These striking candelabra, with striking oviform bodies of richly grained cippolino verde marble mounted with helmeted masks and issuing intricately entwined leaf-wrapped arms, are inspired by the work of the celebrated Turinese bronzier Francesco Ladatte (1706-1787).
Their distinctive interpretation of the naturalistic rococo idiom, especially in the treatment of the arms, relates in particular to a series of wall-lights with similarly twisted arms, attributed to Ladatte in the Palazzo Reale, Turin (illustrated in V. Viale et al ., Mostra del Barocco Piemontese, exh. cat., Turin, 1963, figs. 298-301). Another pair of Turinese wall-lights, combining naturalistic foliage with a female mask centring the back-plate is illustrated op. cit., fig. 302. The broad leafy drip-pans of these candelabra, down-turned at the edges, also closely relate to a pair of wall-lights attributed to Ladatte, sold Sotheby's London, 13 June 1997, lot 27 (£32,200).
Figural masks, which feature so prominently on these candelabra, are a recurring motif in Turinese furniture and bronzes. Gilt-bronze upturned female masks by Ladatte appear on a series of stools supplied by Pietro Piffetti to the Palazzo Reale, Turin (illustrated in G. Ferraris et al., Pietro Piffetti e Gli Ebanisti a Torino, 1992, pp. 22-3, figs. 2-3).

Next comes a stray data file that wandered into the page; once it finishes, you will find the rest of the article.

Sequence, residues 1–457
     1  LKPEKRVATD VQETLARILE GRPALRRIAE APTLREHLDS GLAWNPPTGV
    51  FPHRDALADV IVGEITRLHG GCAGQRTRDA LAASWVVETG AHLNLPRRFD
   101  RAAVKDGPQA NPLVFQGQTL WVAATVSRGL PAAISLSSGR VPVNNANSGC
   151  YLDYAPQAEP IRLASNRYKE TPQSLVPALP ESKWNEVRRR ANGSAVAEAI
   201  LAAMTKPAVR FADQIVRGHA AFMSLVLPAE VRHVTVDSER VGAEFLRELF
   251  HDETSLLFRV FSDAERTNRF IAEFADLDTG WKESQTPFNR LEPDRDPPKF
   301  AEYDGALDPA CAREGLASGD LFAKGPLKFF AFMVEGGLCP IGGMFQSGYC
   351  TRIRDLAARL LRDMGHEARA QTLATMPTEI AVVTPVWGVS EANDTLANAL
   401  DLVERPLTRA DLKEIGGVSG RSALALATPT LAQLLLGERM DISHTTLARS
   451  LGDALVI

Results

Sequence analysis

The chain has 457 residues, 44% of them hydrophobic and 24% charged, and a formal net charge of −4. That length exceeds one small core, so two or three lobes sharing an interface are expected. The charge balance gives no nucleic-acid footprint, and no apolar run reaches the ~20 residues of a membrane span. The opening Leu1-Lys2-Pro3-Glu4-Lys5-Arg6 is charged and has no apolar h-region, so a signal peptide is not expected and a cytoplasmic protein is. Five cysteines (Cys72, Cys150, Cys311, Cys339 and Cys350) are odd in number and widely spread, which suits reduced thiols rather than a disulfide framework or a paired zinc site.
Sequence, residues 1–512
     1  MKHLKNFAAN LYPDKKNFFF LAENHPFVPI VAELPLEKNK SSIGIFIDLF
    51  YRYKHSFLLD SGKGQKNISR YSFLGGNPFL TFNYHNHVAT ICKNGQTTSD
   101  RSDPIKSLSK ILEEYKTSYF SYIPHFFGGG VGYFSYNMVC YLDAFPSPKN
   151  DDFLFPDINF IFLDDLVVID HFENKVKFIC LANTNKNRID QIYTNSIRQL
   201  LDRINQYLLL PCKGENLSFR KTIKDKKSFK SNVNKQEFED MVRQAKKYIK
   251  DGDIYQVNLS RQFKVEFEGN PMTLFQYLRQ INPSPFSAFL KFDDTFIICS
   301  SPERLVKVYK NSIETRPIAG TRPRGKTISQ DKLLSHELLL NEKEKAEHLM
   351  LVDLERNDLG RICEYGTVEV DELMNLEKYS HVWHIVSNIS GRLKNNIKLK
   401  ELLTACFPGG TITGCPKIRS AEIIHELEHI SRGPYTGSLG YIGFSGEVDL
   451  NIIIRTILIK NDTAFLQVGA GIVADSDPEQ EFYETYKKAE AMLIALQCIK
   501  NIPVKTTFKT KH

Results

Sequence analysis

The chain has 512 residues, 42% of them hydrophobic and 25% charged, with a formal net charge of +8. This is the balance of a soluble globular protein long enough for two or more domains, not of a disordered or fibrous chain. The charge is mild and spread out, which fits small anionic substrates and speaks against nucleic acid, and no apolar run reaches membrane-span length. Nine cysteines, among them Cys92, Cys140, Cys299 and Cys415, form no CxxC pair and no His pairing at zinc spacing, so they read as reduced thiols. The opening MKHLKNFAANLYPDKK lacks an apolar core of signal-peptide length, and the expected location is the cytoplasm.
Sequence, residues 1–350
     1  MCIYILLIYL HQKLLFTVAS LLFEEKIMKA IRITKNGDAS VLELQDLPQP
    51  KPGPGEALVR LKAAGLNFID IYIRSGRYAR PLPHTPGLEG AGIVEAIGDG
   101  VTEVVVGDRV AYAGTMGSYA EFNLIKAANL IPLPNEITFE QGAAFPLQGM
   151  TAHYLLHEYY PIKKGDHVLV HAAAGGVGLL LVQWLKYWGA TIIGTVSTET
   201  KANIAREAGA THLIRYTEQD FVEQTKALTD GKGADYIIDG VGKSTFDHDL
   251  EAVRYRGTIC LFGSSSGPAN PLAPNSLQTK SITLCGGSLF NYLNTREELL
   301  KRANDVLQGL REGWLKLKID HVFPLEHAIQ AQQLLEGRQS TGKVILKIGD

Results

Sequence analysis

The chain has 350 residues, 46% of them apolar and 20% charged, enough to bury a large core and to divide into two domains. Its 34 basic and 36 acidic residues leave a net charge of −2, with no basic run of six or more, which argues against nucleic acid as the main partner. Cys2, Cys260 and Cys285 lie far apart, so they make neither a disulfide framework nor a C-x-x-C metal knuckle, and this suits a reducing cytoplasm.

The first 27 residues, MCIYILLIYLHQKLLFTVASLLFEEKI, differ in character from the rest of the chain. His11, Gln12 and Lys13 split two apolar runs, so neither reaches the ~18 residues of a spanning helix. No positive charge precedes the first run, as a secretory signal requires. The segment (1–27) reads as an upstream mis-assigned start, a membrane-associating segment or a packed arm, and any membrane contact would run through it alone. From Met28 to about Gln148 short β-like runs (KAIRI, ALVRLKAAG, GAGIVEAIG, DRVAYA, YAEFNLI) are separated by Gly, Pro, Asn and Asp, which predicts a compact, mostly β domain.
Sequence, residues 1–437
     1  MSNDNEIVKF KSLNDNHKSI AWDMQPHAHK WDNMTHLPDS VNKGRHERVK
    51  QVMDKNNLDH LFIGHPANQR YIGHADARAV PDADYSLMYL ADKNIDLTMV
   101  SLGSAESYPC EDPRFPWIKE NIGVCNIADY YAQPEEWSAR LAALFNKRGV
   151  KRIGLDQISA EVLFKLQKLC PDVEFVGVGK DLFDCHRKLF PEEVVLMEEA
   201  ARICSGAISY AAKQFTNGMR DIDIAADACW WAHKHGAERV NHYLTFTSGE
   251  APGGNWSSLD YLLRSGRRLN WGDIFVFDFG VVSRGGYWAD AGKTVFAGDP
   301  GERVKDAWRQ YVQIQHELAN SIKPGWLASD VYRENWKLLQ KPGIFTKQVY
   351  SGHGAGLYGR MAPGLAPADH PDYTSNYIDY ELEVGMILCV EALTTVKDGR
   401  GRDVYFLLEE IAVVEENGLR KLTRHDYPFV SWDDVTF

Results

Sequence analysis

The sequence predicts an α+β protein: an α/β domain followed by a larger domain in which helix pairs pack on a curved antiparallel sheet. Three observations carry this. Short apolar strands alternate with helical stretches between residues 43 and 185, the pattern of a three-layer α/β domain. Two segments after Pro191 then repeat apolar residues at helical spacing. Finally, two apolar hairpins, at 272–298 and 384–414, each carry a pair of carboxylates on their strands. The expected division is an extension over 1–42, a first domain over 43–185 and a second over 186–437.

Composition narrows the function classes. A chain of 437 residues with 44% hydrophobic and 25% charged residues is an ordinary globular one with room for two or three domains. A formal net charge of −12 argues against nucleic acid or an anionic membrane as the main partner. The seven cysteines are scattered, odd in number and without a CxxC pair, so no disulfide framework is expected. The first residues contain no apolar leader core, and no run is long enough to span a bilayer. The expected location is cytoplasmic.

Born in Turin, Ladatte trained at an early age as a sculptor in Paris, where he won the first prize at the Academy in 1729. After a short stay in Rome he returned to Turin in 1732 where he worked almost exclusively for the royal court and was the main supplier of bronzes to Pietro Piffetti for the latter's extraordinary furniture produced during the 1730's. After another short stay in Paris, Ladatte returned to Turin in 1744 and was appointed sculptor in bronze to the King. he remained in Turin for the rest of his career, and continued to produce bronzes in a high rococo style even long after it had gone out of fashion.